I have been trying to think of a word to describe Varanasi but I don’t think any word is worthy of association. Varanasi is a place beyond description. You need to see it to believe it, you need to smell it to believe it, you need to hear it to believe it. And I still don’t think I truly believe what I saw, smelt or heard. I don’t think I have ever been, or ever will be, to a place that has left me so dumbfounded that I have struggled to describe it. And, whatever I say in this post will not do it justice.
So Varanasi. Our last stop on a whistle stop 3 weeks in India. 3 weeks that will stay with me forever ended in a place with such spirituality that I will endeavor to encourage any visitor to India to ensure it is on their itinerary.
We pulled into our guest house in the early hours of the morning after a less-than-comfortable overnight train journey in comparison to our others. We were greeted by friendly faces and beaming smiles, which have us good vibes for the days ahead.
Before heading on an exploration we sat on the rooftop of our guesthouse and ate some breakfast with our obligatory Chai Masala. For the first time in India we were in the presence of rain. This fell relatively heavily around our feet as we sheltered ourselves and our omelettes under a tarpaulin roof.
Once the rain subsided we ventured out towards the famous ghats of Varanasi eager to get our first glimpse of the famous River Ganges. We walked to the southern most ghat (Assi) and saw our first glimpse of the Ganges beyond the haze of the drizzly rain. At that very moment the Ganges could have been any river in the world. But, having been taught at school, and eventually teaching others, about the significance of it made very presence of the water in front of me a very special experience. In fact, I couldn’t help but feel a twinge of guilt about being in the presence of such a holy river when it means so little to me and so much to millions of people who may never get to see it.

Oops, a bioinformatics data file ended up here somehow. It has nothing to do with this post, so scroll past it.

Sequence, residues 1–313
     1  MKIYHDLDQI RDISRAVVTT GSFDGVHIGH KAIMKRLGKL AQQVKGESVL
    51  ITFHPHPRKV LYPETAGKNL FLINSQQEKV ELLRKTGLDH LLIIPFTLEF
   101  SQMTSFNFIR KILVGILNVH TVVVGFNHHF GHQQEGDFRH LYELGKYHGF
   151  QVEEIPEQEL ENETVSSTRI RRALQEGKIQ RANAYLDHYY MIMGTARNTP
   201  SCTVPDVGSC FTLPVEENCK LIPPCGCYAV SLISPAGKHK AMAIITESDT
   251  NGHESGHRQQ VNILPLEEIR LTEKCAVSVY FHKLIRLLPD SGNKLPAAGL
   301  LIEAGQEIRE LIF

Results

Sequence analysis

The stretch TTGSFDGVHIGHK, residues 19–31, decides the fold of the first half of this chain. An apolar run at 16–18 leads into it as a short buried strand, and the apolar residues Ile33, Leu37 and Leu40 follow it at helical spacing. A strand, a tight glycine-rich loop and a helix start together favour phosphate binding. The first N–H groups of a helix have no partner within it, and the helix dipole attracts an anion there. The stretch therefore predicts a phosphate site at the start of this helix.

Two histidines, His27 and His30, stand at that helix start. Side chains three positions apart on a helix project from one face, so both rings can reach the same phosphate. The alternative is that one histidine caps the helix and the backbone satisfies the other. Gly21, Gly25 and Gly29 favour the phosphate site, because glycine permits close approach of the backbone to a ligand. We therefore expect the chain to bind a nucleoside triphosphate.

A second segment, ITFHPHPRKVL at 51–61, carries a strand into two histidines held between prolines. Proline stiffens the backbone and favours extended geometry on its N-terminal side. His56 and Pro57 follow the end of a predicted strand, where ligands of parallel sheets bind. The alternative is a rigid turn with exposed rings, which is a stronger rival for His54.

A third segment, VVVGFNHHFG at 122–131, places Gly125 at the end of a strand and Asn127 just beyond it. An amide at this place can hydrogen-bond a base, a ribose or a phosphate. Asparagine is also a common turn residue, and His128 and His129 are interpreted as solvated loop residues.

As we strolled along the Ganges we saw very few people, who appeared to be put off by the rain. Instead our company, as it usually is in India, included many cows who roamed freely, clearly oblivious to the significance of the river in front of them.
We passed a few ghats on our walk before coming to our first burning ghat. These are places where hindu people are burnt upon piles of wood and cremated by the side of the river. The idea is that their body will enter the river and their spirit will have a direct passage to Nirvana if they are burnt there. We watched, captivated, for a very long time as dead human bodies were carried into view under silk and flowers and were then were piled upon the logs of wood before being burned. They would burn until the human remains were unrecognisable. Family members would stand around the body whilst the cremator ensured the flames stayed alight and that all parts of the body remained part of the bonfire. It was an amazing sight that neither of us imagined to see. The smell of burning, the heat from the flames and the ash that fell about us were all an experience that I never thought I would be a part of (It is forbidden for photographs to be taken at the cremations, understandably).